Bring hands on learning into your computer science and technology education with Coding Quests board games!
Each of these printable board games practices a different coding or computer science skill in a way that is fun and engaging for students. They will be challenged to problem solve but will love every minute of it!
The fun Pirate Theme makes students feel like they are on an adventure and far from learning about computational thinking. Each of the board games comes with the background knowledge students need in order to understand the concept.
Jamie (K-5 Digital Learning Coach) Said: “They began to understand complex language and how to analyze whether or not they were supposed to move in a certain direction. They used strategy to figure out where to place obstacles on the boards and realized when they made a mistake and put their obstacles in the wrong places.”
No-stress teacher instructions mean that you’ll feel confident introducing these games to your students even if you’re not sure you’ve mastered the computer science concepts yourself. I do recommend showing students how to play first as a whole group before having them play it in small groups, especially for the little ones. There are student instructions and I did my best to make them visual, but some will take some reading skills that your students may not yet have.
Prepping the Games
These games do take some time to prep. The average is about an hour, but if you use all 3 of the games available there are some pieces that are used across the series. I recommend printing on cardstock and laminating so that you can use the pieces year after year. With a few student helpers the process will be a breeze.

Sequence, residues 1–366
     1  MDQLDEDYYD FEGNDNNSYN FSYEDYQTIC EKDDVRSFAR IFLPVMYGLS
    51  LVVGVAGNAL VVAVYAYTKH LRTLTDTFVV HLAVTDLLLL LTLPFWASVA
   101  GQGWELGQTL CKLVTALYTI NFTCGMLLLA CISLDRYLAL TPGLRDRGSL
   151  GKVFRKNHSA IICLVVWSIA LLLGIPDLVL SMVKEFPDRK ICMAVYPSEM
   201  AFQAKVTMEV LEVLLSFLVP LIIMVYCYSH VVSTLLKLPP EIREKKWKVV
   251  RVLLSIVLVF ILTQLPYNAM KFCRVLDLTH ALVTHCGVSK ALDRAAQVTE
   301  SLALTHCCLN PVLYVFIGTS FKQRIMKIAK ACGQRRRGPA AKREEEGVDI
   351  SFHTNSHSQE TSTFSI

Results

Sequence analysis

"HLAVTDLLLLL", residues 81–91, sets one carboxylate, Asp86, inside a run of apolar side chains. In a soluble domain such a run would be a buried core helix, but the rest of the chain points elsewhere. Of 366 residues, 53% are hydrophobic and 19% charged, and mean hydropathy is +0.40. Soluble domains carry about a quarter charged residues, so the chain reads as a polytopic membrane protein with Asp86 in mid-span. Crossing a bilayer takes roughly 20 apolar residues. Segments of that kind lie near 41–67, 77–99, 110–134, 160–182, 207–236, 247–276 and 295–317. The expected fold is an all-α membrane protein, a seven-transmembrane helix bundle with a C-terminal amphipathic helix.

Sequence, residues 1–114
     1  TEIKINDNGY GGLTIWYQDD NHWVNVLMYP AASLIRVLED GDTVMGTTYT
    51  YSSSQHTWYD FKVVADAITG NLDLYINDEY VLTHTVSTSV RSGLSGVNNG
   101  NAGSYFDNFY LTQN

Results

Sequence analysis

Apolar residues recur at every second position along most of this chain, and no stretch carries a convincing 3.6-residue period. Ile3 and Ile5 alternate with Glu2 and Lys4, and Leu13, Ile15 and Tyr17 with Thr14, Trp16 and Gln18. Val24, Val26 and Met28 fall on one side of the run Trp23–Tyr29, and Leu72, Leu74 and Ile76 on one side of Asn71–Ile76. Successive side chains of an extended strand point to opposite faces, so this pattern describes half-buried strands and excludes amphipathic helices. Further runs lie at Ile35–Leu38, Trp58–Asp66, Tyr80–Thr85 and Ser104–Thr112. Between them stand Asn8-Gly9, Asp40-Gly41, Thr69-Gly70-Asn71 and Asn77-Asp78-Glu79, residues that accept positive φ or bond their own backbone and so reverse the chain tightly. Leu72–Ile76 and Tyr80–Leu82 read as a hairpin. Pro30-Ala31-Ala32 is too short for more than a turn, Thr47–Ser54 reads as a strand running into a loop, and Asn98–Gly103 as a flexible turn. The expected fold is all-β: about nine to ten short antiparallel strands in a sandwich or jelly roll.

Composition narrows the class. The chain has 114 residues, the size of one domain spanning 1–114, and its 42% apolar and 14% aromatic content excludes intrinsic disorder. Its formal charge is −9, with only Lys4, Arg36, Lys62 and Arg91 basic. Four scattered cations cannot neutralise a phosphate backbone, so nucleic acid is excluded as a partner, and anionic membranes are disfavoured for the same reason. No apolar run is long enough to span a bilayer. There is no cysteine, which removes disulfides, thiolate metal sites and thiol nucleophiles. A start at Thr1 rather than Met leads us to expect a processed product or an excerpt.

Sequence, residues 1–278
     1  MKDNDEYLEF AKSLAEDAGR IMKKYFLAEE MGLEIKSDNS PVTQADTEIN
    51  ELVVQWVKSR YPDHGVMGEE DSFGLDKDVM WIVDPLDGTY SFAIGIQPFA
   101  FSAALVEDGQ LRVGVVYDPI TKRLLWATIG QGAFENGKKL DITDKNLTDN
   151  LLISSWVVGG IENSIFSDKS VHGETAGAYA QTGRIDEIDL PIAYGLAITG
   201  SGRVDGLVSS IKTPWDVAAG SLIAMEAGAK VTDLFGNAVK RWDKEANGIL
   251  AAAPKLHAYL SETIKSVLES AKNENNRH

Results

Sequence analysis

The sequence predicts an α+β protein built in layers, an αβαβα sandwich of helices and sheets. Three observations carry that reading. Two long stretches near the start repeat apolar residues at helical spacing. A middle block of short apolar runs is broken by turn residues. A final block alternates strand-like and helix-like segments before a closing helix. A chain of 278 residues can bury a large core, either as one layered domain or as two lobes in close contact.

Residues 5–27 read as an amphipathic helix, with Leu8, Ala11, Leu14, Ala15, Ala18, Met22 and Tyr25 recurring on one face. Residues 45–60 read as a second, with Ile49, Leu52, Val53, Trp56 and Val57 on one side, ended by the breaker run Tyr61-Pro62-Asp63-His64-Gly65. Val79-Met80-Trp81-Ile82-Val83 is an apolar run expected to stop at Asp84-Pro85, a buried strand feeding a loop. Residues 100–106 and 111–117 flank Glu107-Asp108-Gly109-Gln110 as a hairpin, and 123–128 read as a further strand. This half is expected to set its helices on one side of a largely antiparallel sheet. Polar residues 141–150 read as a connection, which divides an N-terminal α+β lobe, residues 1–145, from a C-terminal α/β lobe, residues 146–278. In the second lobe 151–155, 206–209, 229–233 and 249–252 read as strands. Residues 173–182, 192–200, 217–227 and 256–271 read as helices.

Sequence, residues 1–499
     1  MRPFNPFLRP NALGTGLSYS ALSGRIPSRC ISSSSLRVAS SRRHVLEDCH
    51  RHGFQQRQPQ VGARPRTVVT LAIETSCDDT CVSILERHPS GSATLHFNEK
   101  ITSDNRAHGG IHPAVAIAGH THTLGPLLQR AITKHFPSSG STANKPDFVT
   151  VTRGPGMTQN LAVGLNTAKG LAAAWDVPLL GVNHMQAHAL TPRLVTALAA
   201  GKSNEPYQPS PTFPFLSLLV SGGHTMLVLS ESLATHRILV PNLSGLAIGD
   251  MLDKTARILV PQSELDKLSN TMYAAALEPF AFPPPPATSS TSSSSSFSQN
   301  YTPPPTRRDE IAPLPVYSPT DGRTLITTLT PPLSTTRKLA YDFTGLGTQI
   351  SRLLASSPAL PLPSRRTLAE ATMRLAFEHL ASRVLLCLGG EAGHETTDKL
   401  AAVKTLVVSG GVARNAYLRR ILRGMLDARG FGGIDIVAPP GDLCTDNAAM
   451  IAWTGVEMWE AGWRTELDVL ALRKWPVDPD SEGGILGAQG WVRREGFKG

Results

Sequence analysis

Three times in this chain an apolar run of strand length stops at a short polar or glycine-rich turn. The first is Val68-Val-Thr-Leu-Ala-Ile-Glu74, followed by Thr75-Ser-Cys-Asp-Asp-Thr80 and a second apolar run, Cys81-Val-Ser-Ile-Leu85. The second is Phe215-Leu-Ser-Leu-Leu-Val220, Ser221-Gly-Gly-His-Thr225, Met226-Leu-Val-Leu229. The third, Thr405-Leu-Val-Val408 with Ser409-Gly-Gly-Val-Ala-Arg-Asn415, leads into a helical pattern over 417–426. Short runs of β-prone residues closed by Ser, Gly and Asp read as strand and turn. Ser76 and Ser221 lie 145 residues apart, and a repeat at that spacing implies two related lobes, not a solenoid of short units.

Teacher tips from Jamie: “I think playing the game as a whole was a great way to introduce it because the statements can be tricky. I laminated EVERYTHING! I made multiple copies of the game and labeled each game board and game piece with a different sticker so that if we have multiple games going at one time, when it’s time to clean up they know exactly where the pieces go. I also taped a sandwich-sized baggie to the game boards so that the bags wouldn’t get misplaced. Oh, and try not to run out of ink! 🙂 Since I made so many copies, I needed more ink. I should have checked my ink cartridges first! “
Here is a little time lapse video I made prepping the Directional Coding Board game:
Other Ways to Play Coding Quests
•Have students be the pirates and play it full sized.
•Create a path using tape, chalk, sit spots, etc. for students to follow.
•Use any obstacles you want that will fit in the spaces you’ve made.
•Students draw cards and complete the actions full sized
•This is great for days when you’re out of the lab or the wifi is not working. Bonus points if you collab with your PE teacher!
•Each student needs a path, which they can make with notebook paper, or full size in the classroom or outside.
•Students place their two obstacles along their own path.
•Teacher reads the cards aloud and all students complete the actions on their own paths
•If you keep a few paths set up in your classroom with tape or sit spots, etc., this would make a great early finisher activity.